At some point there is going to be a sea change in bonds. The question is does the last week in July finally cause the Sea-Change in Bonds?
These are two areas where the Federal Reserve might want to consider in their overall evaluation of the effectiveness of the ZIRP Experiment. I think the counterfactual case in these two examples is quite compelling.
How stupid do you have to be to send a commercial flight over what essentially is a warzone? How much do you think the airline actually saved by taking the most direct route?
Janet Yellen is always one step behind. If people start to ask you "Are you fat?", then you ARE fat!
Market participants are far too levered up, all on the same side, and well behind the monetary normalization curve of when the first rate hike is actually going to occur.
The government now has another measure which under-reports inflation by accounting chicanery...
The central banks need to downplay inflation, under-report it to justify their policies of the last five years...
Once Central Banks get out of markets, and I know some critics think that once they get in they are here to stay, healthy volatility and actual price discovery should come back to asset classes.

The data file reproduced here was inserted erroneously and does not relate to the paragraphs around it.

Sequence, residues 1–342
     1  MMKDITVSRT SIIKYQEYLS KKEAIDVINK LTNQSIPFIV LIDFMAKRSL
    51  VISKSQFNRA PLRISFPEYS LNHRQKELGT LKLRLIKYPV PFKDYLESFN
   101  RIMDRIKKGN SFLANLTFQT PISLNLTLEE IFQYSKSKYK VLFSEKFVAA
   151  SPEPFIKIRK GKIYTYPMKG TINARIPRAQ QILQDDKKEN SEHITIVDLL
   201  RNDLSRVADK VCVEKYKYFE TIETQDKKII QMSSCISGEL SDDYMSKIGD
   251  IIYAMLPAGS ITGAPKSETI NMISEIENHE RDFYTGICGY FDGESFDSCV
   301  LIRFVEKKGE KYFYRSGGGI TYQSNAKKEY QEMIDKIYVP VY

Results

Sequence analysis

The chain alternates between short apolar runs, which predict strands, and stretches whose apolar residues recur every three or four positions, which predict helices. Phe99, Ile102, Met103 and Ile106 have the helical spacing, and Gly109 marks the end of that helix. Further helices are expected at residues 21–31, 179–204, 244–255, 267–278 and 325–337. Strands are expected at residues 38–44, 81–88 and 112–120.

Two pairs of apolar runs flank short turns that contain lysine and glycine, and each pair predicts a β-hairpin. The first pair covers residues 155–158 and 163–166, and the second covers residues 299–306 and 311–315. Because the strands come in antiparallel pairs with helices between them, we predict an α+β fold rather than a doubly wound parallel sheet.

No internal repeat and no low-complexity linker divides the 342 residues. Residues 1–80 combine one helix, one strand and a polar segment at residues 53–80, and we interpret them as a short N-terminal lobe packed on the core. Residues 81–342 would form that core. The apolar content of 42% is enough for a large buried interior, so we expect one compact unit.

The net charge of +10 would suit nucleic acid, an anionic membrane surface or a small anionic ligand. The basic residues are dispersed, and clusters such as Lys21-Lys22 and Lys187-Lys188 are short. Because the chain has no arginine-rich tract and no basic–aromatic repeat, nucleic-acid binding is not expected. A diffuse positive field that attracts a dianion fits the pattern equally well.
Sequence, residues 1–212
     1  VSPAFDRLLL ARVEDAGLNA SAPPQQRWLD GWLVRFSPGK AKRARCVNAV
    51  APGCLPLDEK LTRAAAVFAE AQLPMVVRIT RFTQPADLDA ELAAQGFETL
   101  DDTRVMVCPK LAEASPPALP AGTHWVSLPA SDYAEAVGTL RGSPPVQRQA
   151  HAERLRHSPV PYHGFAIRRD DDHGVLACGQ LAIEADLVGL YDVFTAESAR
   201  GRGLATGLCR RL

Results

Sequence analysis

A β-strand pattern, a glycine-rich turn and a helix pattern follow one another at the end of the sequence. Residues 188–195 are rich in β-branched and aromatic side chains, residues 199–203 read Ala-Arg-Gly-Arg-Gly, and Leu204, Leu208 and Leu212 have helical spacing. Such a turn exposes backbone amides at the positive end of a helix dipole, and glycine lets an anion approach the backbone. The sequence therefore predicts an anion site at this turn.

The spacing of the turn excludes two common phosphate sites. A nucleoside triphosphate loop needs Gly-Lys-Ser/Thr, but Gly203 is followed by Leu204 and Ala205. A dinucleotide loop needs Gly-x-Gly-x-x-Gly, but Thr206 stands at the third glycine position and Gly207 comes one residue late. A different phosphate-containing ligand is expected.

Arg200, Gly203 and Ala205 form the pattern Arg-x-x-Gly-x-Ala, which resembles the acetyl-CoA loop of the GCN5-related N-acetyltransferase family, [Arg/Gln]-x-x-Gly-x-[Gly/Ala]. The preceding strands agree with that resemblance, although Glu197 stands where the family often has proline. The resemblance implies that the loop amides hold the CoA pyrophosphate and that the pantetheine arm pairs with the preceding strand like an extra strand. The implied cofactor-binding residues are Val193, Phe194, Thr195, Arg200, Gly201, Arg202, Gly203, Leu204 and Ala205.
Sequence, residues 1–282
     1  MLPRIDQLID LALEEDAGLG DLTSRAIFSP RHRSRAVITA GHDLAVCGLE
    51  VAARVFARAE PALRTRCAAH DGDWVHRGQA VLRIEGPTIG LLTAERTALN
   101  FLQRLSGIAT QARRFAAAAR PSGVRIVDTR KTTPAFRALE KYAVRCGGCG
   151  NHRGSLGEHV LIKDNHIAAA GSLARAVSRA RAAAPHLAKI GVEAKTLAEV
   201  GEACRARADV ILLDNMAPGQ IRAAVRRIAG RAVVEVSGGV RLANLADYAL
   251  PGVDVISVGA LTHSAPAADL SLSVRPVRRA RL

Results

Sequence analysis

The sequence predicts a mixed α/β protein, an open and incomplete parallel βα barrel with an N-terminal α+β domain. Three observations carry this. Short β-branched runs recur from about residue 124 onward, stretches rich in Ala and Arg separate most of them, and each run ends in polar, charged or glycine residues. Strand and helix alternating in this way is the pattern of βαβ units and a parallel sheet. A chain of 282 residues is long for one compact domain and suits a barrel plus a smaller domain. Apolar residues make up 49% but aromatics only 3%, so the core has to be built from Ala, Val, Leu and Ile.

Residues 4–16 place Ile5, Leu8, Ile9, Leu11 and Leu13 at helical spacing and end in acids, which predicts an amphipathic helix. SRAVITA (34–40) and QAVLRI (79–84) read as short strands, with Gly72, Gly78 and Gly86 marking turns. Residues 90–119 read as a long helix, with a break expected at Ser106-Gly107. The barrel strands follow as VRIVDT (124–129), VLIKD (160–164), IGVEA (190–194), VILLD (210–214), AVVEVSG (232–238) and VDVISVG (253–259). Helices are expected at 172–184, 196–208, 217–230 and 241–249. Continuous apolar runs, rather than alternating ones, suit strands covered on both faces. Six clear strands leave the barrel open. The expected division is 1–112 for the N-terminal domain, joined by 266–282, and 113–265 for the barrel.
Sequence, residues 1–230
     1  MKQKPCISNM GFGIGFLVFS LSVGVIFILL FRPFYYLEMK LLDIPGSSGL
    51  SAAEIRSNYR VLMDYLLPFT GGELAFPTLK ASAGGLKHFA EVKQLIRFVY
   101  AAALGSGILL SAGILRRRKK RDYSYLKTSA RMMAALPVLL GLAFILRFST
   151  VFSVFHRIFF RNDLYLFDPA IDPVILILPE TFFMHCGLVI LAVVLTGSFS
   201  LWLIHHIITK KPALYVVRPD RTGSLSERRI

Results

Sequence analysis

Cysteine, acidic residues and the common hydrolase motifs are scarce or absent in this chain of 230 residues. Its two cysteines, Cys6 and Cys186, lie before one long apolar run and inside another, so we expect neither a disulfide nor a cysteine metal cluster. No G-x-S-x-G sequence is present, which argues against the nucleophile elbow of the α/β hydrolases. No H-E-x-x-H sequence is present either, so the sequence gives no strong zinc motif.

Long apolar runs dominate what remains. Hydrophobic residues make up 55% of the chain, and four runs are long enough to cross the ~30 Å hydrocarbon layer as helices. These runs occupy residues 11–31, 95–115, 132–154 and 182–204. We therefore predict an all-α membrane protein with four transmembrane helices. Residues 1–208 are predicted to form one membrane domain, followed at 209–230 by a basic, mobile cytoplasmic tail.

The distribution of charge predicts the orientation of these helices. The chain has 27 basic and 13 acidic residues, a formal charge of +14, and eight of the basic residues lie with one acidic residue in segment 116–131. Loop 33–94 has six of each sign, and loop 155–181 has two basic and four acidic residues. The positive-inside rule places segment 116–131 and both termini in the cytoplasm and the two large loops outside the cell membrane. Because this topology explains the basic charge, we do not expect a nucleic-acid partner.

An interesting dynamic taking place in financial markets on Thursday as Gold saw some substantial buying interest up $22 to the $1295 an ounce area.
Yellen has got to be the most dovish Fed chairperson going into the most important policy initiative withdrawal phase ever to be recorded since the inception of the Federal Reserve!
There has been a lot of money made by being patient waiting for the events to play out, and then coming in and shorting the Oil Markets the last five years.
You can ignore and even downplay for a while, but eventually and as sure as the fundamental law of nature that everything has a cost....
We believe Jeffrey Gundlach, et al. are wrong regarding the 10-Year Bond yield staying below 2.80% over the second half of the year.
One major factor to the slow growth/low inflation in the U.S. is the Wall Street Yield Trade. By incentivizing unproductive use of capital, low interest rate via monetary policy is actually deflationary.
Have you become conditioned to always see the negative at the expense of missing the bigger picture?